However, the killing of Sheikh Yassin was called by the then-British Foreign Secretary Jack Straw “unacceptable” and “unjustified.” The official spokesman of then-Prime Minister Blair condemned the “unlawful attack“ and observed: “We have repeatedly made clear our opposition to Israel’s use of targeted killings and assassinations.”
A Case of Anti-Semitism?
France’s President Nicolas Sarkozy hailed Bin Laden’s killing as a coup in the fight against terrorism. He called President Obama, praised his determination and courage and all others who had pursued the head of al-Qaeda for 10 years. Sarkozy added that the two heads of state had agreed to continue the just and necessary fight against terrorist barbarity and those who support it.
Yet after Sheikh Yassin’s death, a French Foreign Ministry spokesman, Herve Ladsous, said, “France condemns the action taken against Sheikh Yassin, just as it has always condemned the principle of any extra-judicial execution as contrary to international law.” Foreign Minister Dominique de Villepin declared that “such acts can only feed the spiral of violence.”
German Chancellor Angel Merkel said at a recent press conference, “I’m glad that killing bin Laden was successful.” She also called it “good news.” Then Foreign Minister Joschka Fischer had stated after the killing of Sheikh Yassin that “the German government is deeply concerned about the development.”
Russia released a statement regarding bin Laden which the Voice of America quoted as saying that retribution inevitably reaches all terrorists and that Russia is ready to “step up” its coordination in the international fight against global terrorism.” After the Yassin assassination, a foreign ministry spokesman said that Moscow was deeply concerned about the situation.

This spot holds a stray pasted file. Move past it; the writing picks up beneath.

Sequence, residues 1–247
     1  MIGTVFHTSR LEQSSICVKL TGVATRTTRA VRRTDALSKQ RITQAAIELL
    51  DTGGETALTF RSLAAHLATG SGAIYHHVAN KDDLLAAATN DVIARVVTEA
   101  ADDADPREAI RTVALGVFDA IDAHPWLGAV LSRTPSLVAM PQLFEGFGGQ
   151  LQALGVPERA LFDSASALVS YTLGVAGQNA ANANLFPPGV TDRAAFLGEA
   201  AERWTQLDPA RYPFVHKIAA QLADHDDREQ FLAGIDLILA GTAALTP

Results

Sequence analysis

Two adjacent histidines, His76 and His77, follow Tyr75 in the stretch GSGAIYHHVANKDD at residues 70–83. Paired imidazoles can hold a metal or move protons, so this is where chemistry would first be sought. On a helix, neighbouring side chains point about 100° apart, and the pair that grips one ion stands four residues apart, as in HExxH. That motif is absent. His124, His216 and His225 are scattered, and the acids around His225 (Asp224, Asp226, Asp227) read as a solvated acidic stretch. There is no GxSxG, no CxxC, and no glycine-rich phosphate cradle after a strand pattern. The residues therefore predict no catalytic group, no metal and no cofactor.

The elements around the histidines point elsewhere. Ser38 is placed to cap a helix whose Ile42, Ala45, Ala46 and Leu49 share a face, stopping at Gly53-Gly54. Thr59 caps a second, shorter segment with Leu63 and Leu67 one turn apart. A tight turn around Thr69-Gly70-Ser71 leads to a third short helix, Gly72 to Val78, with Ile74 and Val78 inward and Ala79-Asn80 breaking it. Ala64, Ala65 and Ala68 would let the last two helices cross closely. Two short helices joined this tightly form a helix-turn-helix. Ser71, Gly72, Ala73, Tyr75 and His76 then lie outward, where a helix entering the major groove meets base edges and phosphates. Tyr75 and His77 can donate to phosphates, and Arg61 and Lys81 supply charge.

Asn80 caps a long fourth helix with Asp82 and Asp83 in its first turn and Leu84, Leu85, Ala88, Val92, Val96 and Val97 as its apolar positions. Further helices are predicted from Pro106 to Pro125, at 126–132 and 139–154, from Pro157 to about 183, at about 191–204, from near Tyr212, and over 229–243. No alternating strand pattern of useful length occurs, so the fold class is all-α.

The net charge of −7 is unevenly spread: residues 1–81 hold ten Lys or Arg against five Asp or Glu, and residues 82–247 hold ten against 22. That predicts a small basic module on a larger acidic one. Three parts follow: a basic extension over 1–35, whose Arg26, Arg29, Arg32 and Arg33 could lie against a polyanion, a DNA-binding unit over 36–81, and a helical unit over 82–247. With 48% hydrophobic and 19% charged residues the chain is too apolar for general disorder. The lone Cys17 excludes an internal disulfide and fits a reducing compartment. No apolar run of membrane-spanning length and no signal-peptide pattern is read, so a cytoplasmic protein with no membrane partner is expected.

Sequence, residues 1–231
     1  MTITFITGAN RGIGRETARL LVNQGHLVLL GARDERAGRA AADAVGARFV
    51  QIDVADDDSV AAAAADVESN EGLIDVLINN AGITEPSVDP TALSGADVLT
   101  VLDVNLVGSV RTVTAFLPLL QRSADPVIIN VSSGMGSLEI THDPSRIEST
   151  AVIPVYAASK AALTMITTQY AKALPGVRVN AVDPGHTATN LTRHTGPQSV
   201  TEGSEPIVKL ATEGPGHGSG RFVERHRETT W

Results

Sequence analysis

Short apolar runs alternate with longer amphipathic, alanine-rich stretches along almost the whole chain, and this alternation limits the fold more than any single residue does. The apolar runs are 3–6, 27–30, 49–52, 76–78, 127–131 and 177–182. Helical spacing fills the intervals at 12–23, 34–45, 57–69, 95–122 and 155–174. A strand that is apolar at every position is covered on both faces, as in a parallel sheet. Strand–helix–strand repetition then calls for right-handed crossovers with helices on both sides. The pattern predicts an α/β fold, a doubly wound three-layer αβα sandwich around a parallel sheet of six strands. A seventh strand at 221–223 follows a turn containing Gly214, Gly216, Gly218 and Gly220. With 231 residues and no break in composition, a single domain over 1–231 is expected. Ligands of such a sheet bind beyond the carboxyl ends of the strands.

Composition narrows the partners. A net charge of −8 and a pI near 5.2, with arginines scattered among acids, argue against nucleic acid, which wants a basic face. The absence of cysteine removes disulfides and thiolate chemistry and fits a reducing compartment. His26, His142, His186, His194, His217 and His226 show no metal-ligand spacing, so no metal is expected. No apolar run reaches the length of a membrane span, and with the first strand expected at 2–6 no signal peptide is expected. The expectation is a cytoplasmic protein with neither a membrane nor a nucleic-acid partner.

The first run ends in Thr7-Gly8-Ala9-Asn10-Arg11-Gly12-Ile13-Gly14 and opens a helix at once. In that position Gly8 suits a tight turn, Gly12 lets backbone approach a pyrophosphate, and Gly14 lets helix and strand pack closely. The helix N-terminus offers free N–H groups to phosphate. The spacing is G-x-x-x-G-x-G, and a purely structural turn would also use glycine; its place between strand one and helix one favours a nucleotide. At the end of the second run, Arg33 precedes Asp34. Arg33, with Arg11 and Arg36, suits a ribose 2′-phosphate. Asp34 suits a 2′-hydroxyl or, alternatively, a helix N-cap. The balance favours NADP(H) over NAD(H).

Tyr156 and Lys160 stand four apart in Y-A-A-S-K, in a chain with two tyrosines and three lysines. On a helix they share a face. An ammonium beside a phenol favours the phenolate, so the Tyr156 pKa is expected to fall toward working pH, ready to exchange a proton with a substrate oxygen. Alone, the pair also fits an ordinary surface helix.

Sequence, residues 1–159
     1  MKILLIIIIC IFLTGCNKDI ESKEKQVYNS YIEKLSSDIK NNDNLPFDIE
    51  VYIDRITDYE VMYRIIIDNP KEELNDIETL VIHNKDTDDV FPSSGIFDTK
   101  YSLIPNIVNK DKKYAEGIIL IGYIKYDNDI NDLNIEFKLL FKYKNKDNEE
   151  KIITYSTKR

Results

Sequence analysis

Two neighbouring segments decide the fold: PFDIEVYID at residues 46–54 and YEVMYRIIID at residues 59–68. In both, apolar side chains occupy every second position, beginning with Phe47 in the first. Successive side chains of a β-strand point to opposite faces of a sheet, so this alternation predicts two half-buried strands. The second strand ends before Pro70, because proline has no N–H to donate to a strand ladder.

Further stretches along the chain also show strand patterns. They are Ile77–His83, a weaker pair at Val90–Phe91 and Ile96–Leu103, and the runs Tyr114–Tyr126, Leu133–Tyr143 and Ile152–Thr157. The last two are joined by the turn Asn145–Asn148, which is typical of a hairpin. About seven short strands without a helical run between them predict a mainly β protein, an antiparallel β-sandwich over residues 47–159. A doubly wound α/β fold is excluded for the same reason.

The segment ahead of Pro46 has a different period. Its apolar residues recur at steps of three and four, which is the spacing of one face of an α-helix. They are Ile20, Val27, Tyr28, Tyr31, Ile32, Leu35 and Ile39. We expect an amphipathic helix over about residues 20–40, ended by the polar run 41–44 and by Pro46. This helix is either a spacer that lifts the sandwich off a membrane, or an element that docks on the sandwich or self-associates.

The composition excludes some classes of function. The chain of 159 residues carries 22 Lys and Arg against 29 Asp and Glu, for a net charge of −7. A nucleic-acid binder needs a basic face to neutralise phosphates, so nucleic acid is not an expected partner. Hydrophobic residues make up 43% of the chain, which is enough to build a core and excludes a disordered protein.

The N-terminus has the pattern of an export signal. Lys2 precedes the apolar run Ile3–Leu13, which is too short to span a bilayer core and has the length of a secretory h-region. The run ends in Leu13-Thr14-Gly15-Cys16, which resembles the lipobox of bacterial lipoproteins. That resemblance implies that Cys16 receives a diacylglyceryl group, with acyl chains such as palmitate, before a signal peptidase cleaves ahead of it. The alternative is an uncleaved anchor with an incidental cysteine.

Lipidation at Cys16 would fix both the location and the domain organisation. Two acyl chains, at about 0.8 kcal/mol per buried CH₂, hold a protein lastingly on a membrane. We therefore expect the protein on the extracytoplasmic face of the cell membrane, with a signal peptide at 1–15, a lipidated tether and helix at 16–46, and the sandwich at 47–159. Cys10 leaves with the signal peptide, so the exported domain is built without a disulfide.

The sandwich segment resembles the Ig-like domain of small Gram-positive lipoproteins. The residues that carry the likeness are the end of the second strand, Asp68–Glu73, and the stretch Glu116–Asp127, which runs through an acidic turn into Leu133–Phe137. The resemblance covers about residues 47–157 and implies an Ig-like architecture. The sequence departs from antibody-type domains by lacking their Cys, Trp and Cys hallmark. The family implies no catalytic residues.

President Abdullah Gul of Turkey declared that the killing of bin Laden was a message for terrorist organizations all around the world. Turkish Prime Minister Recep Tayyip Erdogan had called the killing of Yassin “a terrorist act” and said that “the assassination was not humane.”
This comparison gets even more meaningful when seen in the context of the definition of anti-Semitism as regularly used in the European Union. It was prepared by one of the EU agencies. It gives examples of the ways in which anti-Semitism manifests itself with regard to the State of Israel, including the following: “Applying double standards by requiring of it a behavior not expected or demanded of any other democratic nation.”Israel could considerably improve its public diplomacy by using the comparison of the two killings and other comparisons of events which occur with great frequency to stress such double standards. This is one of the many ways that Israel can fend off at least part of the unjust criticism against it.
Dr. Manfred Gerstenfeld has published 19 books, several of these deal with anti-Semitism and anti-Israelism.
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